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What I'd do better

I had to rework the area where the player learns to destroy rocks a lot, and am still not happy with it.

Mistakes I made:

  • I planned for a lot of cinematic events to happen in just a few meters. After some trials I decided to cut the planned story beat since it just didn't work, but I never had the time to come up with a satisfying replacement and so it doesn't make much sense as to why the player learns to charge their scream.

  • After cutting the planned story beat I still felt the need to keep the already built level, this restricted me and made it hard to come up with another solution. It might have been better to just rework that part of the level from scratch.



























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The Canyon - ending the first part and preparing for the next


With The Canyon I wanted the player to feel a sense of progression. This is what I focused on to do that:

  • Make the player feel that the first part of the game has come to an end by leading them away from the shore that's been a major part of all previous levels. They are now led up among the mountains, in order to create a contrast to the previous open areas.

  • Foreshadow that new things will come, by showing a glimpse of the dark silhouettes that the player will soon meet. One of them is also carrying a cart, in order to answer the questions posed in the first area about who the cart belongs to.

  • Let the player say good bye to the first area by giving them a vantage point showing some of the areas they've just passed. Given time this vantage point would also have been a good spot to do something with the graves if the player had screamed at all of them.

  • Surprise the player with what this world contains and make them exited about exploring further by showing an epic side scene of a destroyed eye on legs.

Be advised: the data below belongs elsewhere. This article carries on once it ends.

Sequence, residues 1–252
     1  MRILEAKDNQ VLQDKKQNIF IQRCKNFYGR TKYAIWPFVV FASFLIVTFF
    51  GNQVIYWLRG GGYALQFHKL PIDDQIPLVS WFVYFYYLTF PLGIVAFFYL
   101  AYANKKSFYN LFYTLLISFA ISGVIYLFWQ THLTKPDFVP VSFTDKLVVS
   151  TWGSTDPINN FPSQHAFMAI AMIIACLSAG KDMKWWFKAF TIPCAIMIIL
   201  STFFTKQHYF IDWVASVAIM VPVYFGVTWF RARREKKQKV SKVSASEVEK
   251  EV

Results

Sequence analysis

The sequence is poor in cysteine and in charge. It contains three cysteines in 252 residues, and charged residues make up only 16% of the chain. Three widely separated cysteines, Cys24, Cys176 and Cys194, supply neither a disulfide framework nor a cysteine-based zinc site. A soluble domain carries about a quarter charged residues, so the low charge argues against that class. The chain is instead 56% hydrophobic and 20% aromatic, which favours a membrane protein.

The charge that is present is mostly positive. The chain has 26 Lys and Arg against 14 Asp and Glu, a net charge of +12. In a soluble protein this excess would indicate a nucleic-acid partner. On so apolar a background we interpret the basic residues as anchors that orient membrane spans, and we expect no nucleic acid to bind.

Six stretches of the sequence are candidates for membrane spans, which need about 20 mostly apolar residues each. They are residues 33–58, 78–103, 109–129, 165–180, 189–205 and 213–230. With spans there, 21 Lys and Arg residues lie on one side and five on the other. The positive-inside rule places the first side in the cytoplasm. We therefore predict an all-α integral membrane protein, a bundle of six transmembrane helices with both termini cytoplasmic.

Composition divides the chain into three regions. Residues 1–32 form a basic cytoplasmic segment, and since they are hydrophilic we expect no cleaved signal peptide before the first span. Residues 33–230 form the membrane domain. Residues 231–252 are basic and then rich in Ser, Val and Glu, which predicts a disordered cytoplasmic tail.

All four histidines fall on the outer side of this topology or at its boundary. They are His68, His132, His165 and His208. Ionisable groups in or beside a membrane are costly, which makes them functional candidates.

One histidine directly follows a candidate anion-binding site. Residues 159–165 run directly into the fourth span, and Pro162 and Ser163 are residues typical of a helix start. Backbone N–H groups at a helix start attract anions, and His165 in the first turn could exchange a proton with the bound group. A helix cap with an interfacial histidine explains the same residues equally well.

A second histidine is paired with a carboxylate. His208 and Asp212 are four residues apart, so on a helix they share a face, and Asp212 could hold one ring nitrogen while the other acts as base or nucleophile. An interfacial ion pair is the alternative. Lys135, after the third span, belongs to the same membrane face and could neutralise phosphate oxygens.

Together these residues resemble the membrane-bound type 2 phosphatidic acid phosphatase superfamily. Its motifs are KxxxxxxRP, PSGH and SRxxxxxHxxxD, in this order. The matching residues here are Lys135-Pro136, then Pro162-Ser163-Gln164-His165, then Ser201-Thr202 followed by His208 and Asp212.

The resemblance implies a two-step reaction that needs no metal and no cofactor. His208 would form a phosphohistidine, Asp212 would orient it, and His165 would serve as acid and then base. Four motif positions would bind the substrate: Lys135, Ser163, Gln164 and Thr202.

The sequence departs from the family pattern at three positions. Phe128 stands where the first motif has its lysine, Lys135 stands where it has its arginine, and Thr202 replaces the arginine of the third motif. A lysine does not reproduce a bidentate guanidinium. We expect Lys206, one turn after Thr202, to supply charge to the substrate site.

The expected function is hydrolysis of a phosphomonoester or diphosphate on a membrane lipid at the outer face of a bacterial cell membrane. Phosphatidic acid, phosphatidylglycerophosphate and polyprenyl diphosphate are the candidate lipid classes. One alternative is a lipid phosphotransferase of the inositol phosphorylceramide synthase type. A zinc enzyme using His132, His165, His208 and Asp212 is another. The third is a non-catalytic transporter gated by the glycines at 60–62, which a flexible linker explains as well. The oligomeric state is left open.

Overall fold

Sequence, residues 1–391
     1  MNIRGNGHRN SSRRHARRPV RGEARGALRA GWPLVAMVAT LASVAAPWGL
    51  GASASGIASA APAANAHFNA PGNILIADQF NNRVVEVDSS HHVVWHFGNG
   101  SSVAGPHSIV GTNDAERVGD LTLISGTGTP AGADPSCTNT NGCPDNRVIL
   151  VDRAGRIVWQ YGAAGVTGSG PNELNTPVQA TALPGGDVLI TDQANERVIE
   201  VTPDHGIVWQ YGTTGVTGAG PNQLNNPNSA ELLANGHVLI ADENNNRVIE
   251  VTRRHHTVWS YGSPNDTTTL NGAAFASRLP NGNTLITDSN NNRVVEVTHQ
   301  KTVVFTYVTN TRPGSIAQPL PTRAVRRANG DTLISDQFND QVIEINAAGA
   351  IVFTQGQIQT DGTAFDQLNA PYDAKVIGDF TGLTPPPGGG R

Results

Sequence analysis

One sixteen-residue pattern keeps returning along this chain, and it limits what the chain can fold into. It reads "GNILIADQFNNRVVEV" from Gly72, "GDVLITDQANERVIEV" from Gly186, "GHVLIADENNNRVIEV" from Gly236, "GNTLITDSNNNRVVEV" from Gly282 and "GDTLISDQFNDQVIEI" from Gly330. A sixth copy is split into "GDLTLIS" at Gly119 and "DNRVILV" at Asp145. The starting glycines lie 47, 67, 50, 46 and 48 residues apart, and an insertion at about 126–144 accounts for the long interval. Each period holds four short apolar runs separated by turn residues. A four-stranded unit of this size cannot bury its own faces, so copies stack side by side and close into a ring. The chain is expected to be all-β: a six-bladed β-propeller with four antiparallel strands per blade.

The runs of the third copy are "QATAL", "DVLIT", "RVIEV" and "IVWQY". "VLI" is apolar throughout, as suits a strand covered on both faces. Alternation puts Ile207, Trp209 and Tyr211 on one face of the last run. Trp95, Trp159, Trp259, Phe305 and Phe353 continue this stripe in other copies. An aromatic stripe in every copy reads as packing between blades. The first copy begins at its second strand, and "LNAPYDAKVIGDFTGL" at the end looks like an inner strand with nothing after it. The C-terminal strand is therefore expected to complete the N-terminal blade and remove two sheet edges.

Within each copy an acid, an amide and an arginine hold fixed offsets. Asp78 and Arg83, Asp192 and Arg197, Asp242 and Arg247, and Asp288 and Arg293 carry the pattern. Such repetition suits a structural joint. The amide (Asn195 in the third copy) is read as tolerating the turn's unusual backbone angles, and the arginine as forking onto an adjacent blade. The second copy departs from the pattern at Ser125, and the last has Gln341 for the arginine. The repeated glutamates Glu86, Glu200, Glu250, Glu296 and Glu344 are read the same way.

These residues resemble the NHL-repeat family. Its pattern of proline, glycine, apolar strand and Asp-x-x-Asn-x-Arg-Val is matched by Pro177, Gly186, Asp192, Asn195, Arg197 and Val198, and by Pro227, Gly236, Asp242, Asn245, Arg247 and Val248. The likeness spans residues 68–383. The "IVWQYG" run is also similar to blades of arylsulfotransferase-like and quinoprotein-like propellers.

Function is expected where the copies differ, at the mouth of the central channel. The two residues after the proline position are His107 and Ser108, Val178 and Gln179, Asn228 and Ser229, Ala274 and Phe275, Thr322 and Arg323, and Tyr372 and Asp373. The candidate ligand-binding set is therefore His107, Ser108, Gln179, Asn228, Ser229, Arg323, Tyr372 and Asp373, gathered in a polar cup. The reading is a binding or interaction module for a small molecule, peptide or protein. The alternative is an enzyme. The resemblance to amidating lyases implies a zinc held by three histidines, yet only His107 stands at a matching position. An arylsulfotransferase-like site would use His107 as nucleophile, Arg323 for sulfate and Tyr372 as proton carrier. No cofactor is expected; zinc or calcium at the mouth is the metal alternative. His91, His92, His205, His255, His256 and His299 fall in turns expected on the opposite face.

A vantage point looking back at The Graveyard Shore and The Cliffs. The player can see the graves they have destroyed  and get a chance to reflect on their effect on the world.

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The Mushroom Cave - set the mood for the next part of the level


The Mushroom Cave's main focus is to make the player feel that they enter a new area, that has another feel to it.  

  • Make the place feel hidden. This I did by having the entrance to the caves hidden from the main path, it's revealed first after a bait and switch. I also blocked the entrance with rocks the player has to destroy - making the player feel that they have earned their way into the caves.

  • Strongly establish the change of scenery by starting the area with very narrow passageway, to stand in contrast to the previous open spaces. This also makes the area feel more hidden. 

  • Give the player a feeling of "having found a secret" by making it possible to scream at the mushrooms inside of the cave - causing them to glow and release a trapped soul. This little secret wasn't planned for, but made the caves feel much more alive and meaningful.

  • Make the player feel at the mercy of their surroundings and like they are descending into unknown territory by ending the area with a leap of faith down a deep hole.


Fade Island, part 2 - The Cave


Passageway - teaching the player to use their ability in a new way


​The Passageway is a small area that focuses on the following: